Announcing Summer Institute!

Announcing Summer Institute 2016

Just Academic Spaces: Creating New Publics Through Radical Literacies

June 13- June 18 2016

The DK/Mellon 2016 Summer Institute will bring together faculty,
advanced doctoral students, and scholar-activists from the humanities and social sciences across the US and beyond to examine the current state of US higher education; explore productive dialogues between community organizations, activists, and scholar-activists; and work on collaborative strategies to create a more just academy. Together, scholar-activists and community partners will share how these collaborations build new, sometimes unexpected, kinds of publics between critical academic scholarship and community- based organizations.

Eligibility: Doctoral Students who have completed at least two years of course work, postdoctoral scholars, and pre-tenure faculty in contingent and tenure-track positions who are working on issues related to the topic of the Institute. Under-represented scholars and those who are at HBCUs and other primarily minority-serving institutions are especially encouraged to apply. Room and board is fully covered for the 15 successful applicants. If needed, financial assistance is also available for travel to Syracuse.

Application deadline: February 1, 2016 Notifications by: February 20, 2016

For more information and to apply, see or email DK Summer Institute at

The DK Summer Institute is funded by a grant from the Andrew W. Mellon Foundation

Reflections on DK – Sean Wang

Sean Wang is a PhD Fellow in geography at Syracuse University’s Maxwell School. He received an MA from the same department and a BA in geography from the University of Washington. His research interests include family and child welfare, migrations, social and cultural geographies.

How did you first hear of Democratizing Knowledge (DK) and what drew you to the events?

SW: I had taken courses in Women’s and Gender Studies and I started the graduate certificate program. Chandra Talpade Mohanty sent me an email about one of the events and I went. DK is a really friendly outlet on campus where people have interesting and radical conversations not just about current events but events relevant to what’s happening in the US higher education institutions. I’m in Maxwell and radical politics – at least at the college level – are not a top priority. Women’s and Gender Studies and DK are great places for me to meet likeminded people and learn new things. I really enjoy all events DK puts on.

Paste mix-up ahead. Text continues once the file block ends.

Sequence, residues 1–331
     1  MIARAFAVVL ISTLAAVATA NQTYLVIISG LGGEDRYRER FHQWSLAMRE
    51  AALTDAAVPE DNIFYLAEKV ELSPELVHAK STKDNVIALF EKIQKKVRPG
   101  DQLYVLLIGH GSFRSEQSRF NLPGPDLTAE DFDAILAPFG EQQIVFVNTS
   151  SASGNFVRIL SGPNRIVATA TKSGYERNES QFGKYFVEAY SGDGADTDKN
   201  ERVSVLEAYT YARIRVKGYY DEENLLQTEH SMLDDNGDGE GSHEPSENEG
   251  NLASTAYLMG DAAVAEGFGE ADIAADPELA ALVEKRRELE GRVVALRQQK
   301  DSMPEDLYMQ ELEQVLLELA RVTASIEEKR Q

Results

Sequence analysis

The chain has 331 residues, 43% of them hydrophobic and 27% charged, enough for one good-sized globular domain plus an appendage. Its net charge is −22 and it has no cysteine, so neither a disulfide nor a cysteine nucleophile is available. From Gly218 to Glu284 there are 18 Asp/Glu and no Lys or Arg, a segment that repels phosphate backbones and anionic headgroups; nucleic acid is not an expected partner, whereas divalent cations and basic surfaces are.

Sean Wang

Sean Wang

What do you think is the significance of DK, especially in the context of Syracuse University?

SW: Right now with the new Chancellor, it is important that organizations like DK exist. You can see from the new decisions he has made and the way they were decided that it is very important to have these spaces existing, like DK where people are looking at things critically and facilitating a lot of really great on-campus activism. Recently there have been a lot of amazing grassroots efforts, especially coming from undergraduate students, and organizations like DK can help sustain those efforts of student organizing as well.

How is DK relevant to your work?

SW: For graduate students, DK is important no matter the research because it is important to have a place outside of your home departments (if only for social purposes). For my own research on transnational migrations, the Settler Colonialism Panel was very interesting and I think one of the best DK events. I was interested in the topic but didn’t know much about it, and it helped me historically ground my research. The way to enjoy a lot of DK programming is to have an open mind and hear brilliant people talk on topics they know well. I was impressed by the level of conversation that the panel generated. I appreciated that people were criticizing, challenging and forcing each other to think of the implications of what they were saying. It was rare to see such a vibrant discussion for an audience of that size. I liked the strategy of pairing the panel with Scott Morgensen’s talk in LGBT Studies seminars and the chance to talk to panelists the next day.